Single-gender education, more commonly known as single-sex education, is the practice of teaching boys and girls in separate classes or schools. In many countries single-gender education is the norm due to religious or cultural beliefs. The practice has only become popular in the United States public schools within the last decade. However, single-sex education has been continually in practice in many private schools across the nation.
History of Single-Gender Education in U.S. Public Schools
At the time that the nation was founded, only boys received public schooling while the girls were educated at home, if at all. A cultural shift occurred in the early 1800s, allowing girls to attend school in all-girl classes; however, they only received instruction either before or after the standard school day for the boys. The practice of educating boys and girls together began in several communities in the early 1900s for economic reasons. They also noticed that the girls exerted a moderating influence on boy’s behavior (Bracey, 2006), which is now an argument in favor of creating single-gender classes.
Since the beginning of the 20th century, only private schools in the United States had been exclusively all boy and all girl schools, even though there was not a law forbidding the practice in the public schools until the 1972 passage of Title IX legislation. Title IX made gender segregation illegal in almost every aspect of school, including athletics, medical services, admission practices, career counseling, and the treatment of students. Federal funds would be withheld from schools that violated Title IX (Brake, 2001). Title IX pushed the trend of co-education for almost 30 years and is believed to have had a significant national impact on girls’ education, including higher education, career education, employment, math and science, standardized testing, and technology (Winslow, 2009).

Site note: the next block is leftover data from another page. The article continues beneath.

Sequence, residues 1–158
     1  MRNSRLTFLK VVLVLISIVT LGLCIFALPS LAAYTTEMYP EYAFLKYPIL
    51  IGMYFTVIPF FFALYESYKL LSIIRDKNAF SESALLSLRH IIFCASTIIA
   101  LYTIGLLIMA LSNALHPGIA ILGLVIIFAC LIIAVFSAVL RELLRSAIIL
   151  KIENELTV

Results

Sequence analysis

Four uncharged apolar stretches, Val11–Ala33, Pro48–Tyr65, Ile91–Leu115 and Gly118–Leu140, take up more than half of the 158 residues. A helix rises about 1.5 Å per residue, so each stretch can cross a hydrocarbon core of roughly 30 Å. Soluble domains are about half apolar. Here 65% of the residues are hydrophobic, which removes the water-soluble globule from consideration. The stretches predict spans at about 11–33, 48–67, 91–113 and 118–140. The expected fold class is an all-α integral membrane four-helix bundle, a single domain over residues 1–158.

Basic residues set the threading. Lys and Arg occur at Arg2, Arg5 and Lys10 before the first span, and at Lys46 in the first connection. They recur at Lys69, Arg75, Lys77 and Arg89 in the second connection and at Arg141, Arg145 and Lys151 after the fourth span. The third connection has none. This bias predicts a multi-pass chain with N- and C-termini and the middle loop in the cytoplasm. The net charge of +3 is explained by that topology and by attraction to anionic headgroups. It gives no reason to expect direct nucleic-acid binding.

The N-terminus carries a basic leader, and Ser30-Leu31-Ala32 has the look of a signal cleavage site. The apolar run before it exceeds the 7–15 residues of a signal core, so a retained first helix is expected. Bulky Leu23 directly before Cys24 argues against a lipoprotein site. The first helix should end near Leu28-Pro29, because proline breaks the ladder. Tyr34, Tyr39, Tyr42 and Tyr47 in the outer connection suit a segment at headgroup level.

Title IX was contested for many years beginning in the early 1900s by legislators to allow single-sex classes in the public schools. It was not until 2001 when they were successful with the reauthorization of the 1965 Elementary and Secondary Education Act, better known as No Child Left Behind (NCBL). NCBL allowed both single-sex schools and single-sex classes within coeducational schools. New regulations governing single-gender education were established by the United States Department of Education in 2006. Together, these two legislative acts represented “a drastic change in American public policy by allowing for sex segregation in public schools – as long as it is voluntary, students are provided a substantially equal co-educational option and the segregation substantially furthers an important governmental objective” (Brown, 2011).
Issues Influencing Single-Gender Classrooms
The debate over equal opportunity in the classroom has shifted considerably over the past two decades. Twenty years ago, researchers began to question their concerns regarding opportunities for...